Fonterra payout-cut caution

Simon Couper.
Simon Couper.
Dairy farmers are being warned to be cautious about spending after Fonterra cut its forecast payout range for the current season by 30c - representing an estimated $500 million drop in revenue for the New Zealand economy.

The dairy co-operative announced yesterday it had revised down its 2011-12 forecast payout range before retentions to $6.45-$6.55, citing the continued softening of commodity prices.

It also announced a lower opening forecast payout range for the 2012-13 season before retentions of $5.95-$6.05, reflecting an outlook of higher dairy production around the world pushing down international dairy prices.

The GlobalDairyTrade trade-weighted index had declined 20.3% since Fonterra's last forecast of $6.35 in April, chief executive Theo Spierings said.

Dairy production levels in the United States and Europe were high, while higher-than-normal production levels in New Zealand continued. That was against a backdrop of heightened uncertainties in global markets, Mr Spierings said.

The opening forecast for the 2012-13 season, which starts on June 1, reflected a "realistic outlook" by the board towards global dairy markets over the coming season, chairman Sir Henry van der Heyden said.

"There's a lot of milk out there and prices have softened. We think that supply and demand should move more into balance later in 2012, which may help ease the downward pressure on prices.

"However, there is no consensus among outside experts on how soon we can expect to see prices recover, so it is important that we give our best possible estimates to farmers so they can plan accordingly," he said.

Federated Farmers Otago dairy chairman David Wilson said the announcement seemed "pretty much in line with expectations".

It was "probably quite a good payout" given the drop that had been experienced in the GlobalDairyTrade auction.

Mr Wilson urged farmers to be cautious over spending and redo budgets conservatively until the level of European uncertainty became clear.

New Zealand's overall outlook was looking positive, he said.

"We just have to get through this blip on the radar in the meantime," he said.

On balance, the changes were "probably a bit more positive" than Westpac or the markets had been anticipating, Westpac Dunedin private financial adviser Tony Conroy said.

The bank expected commodity prices, including dairy, to continue to come under downward pressure over the next few months. However, it expected prices to stabilise and start to recover from late 2012.

With domestic production expected to return to more normal levels after this year's stellar season, next year's payout was likely to be below the levels of the past few years, he said.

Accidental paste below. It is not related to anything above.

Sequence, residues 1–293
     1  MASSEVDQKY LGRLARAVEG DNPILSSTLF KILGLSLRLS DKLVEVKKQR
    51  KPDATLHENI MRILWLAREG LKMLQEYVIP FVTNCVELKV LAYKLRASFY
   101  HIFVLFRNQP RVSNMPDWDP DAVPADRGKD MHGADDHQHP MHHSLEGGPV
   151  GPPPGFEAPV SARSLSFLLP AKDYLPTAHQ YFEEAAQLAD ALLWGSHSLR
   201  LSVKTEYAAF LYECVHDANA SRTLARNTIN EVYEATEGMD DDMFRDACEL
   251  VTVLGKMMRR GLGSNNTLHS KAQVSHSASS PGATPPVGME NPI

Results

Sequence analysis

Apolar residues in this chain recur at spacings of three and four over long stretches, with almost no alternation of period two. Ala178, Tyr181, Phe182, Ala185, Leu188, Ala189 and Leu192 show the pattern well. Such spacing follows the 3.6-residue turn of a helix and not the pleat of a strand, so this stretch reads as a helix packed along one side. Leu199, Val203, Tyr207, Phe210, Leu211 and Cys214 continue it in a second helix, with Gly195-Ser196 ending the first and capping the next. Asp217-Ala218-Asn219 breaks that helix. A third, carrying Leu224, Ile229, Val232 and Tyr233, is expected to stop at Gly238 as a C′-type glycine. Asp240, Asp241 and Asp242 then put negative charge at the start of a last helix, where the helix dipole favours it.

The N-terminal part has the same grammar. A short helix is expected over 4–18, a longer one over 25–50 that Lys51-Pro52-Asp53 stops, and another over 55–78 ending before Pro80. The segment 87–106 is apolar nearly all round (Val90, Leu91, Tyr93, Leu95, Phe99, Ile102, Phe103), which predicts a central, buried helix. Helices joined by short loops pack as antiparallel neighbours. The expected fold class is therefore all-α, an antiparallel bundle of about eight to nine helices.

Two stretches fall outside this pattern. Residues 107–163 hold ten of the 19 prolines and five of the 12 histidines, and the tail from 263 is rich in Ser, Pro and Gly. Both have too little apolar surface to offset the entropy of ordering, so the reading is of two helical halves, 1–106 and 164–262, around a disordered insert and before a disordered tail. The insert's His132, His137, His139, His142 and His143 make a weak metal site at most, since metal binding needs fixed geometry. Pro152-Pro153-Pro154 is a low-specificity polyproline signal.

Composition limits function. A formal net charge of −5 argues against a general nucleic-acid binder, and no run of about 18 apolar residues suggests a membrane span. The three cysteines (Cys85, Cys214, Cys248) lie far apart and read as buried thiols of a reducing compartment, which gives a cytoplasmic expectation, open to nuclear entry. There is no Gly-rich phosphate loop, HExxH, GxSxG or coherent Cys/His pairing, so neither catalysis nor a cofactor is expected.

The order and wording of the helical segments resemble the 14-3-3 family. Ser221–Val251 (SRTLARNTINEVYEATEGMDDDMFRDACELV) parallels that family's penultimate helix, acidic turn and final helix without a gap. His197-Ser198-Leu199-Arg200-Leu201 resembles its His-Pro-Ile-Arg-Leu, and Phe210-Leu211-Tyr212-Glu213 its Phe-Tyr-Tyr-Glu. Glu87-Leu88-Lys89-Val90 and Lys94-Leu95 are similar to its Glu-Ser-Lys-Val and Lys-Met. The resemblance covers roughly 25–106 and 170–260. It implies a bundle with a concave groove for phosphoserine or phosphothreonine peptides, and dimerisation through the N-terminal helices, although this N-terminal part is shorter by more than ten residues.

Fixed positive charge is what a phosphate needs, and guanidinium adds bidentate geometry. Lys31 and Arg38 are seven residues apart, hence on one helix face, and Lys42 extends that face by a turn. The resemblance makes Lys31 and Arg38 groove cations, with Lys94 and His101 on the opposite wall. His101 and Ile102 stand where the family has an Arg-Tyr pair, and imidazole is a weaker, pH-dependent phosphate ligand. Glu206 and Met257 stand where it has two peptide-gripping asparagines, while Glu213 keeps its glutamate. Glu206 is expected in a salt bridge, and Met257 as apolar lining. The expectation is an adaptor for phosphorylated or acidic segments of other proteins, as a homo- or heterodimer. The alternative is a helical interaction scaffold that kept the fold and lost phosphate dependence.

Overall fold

DairyNZ has urged farmers to access the best possible information to help them farm through the more challenging times of lower incomes.

While the long-term outlook was bright, the immediate focus was on how to manage in the short term, with incomes reduced from last year, DairyNZ chief executive Dr Tim Mackle said.

Farmers needed to ensure they had a good budget in place and look closely at their expenditure.

DairyNZ had planning and budgeting tools available on its website ( and valuable information could also be gained by attending farm discussion groups, he said.

Although farmers would be disappointed by the 30c drop, the move had been signalled by recent falls in the GlobalDairyTrade auction, Fonterra Shareholders Council chairman Simon Couper said. Like most other parts of the New Zealand economy, Fonterra and its farmers were at the mercy of the global economy.

"Farmers need to be prudent in their financial planning ... Like most New Zealanders, we've just to got to get on with it and hope things improve - the cows aren't going to stop producing milk just because the price isn't where we want it to be," he said.

Federated Farmers national dairy chairman Willy Leferink said farmers ought to have two budgets prepared - one in the low $5kg ms range and the other in the mid to upper $5 range.

While a downward trend in global milk prices was well signalled and farmers always knew 2012-13 was shaping up as a tough season, "a rocket" needed to be put under councils and the Government to be "absolute Scrooges" when it came to "policy bright ideas and spending".

Trade-exposed exporters such as farmers, tourism and manufacturing already faced a volatile dollar without being "tackled from behind" with fee hikes and charges, he said.

Fonterra was preparing its budget for the 2012-13 season and was targeting a net profit after tax of $670 million to $820 million, equating to 45c-55c per share.

The midpoint of that forecast was 5c per share higher than the current season midpoint. The board was yet to forecast a dividend range for 2013.

Fonterra had set the fair-value share price for the 2012-13 season at $4.52 per share, the same as the current season's price.

The co-operative would not be issuing dry shares during the 2011-12 end-of-season period before the launch of Trading Among Farmers.

Shares would still be issued in anticipation of valid increases in farmers' production for the 2012-13 season.

The board made the decision to minimise the risk of farmers making decisions about buying dry shares ahead of receiving the offer documents in support of the TAF launch, Sir Henry said.


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